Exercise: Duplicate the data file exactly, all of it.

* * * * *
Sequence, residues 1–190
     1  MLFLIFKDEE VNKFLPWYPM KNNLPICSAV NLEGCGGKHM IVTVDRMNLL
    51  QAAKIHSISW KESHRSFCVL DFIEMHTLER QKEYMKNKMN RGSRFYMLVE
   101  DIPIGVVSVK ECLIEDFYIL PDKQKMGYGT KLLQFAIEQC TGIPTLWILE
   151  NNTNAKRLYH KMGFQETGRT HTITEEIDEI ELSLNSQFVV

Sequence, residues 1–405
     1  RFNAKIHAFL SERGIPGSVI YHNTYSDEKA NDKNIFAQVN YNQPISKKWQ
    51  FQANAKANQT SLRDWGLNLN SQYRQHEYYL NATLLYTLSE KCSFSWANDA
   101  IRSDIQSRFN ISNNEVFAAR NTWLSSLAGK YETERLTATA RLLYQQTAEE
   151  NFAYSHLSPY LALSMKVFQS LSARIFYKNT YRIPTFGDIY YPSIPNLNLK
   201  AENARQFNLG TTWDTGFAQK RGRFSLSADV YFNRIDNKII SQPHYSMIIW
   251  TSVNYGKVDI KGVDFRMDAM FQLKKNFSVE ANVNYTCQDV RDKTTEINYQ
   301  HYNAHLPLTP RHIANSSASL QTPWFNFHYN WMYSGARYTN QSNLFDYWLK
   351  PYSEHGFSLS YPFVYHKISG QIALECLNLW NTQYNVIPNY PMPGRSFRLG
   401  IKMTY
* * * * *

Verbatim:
Sequence, residues 1–190
     1  MLFLIFKDEE VNKFLPWYPM KNNLPICSAV NLEGCGGKHM IVTVDRMNLL
    51  QAAKIHSISW KESHRSFCVL DFIEMHTLER QKEYMKNKMN RGSRFYMLVE
   101  DIPIGVVSVK ECLIEDFYIL PDKQKMGYGT KLLQFAIEQC TGIPTLWILE
   151  NNTNAKRLYH KMGFQETGRT HTITEEIDEI ELSLNSQFVV

Sequence, residues 1–405
     1  RFNAKIHAFL SERGIPGSVI YHNTYSDEKA NDKNIFAQVN YNQPISKKWQ
    51  FQANAKANQT SLRDWGLNLN SQYRQHEYYL NATLLYTLSE KCSFSWANDA
   101  IRSDIQSRFN ISNNEVFAAR NTWLSSLAGK YETERLTATA RLLYQQTAEE
   151  NFAYSHLSPY LALSMKVFQS LSARIFYKNT YRIPTFGDIY YPSIPNLNLK
   201  AENARQFNLG TTWDTGFAQK RGRFSLSADV YFNRIDNKII SQPHYSMIIW
   251  TSVNYGKVDI KGVDFRMDAM FQLKKNFSVE ANVNYTCQDV RDKTTEINYQ
   301  HYNAHLPLTP RHIANSSASL QTPWFNFHYN WMYSGARYTN QSNLFDYWLK
   351  PYSEHGFSLS YPFVYHKISG QIALECLNLW NTQYNVIPNY PMPGRSFRLG
   401  IKMTY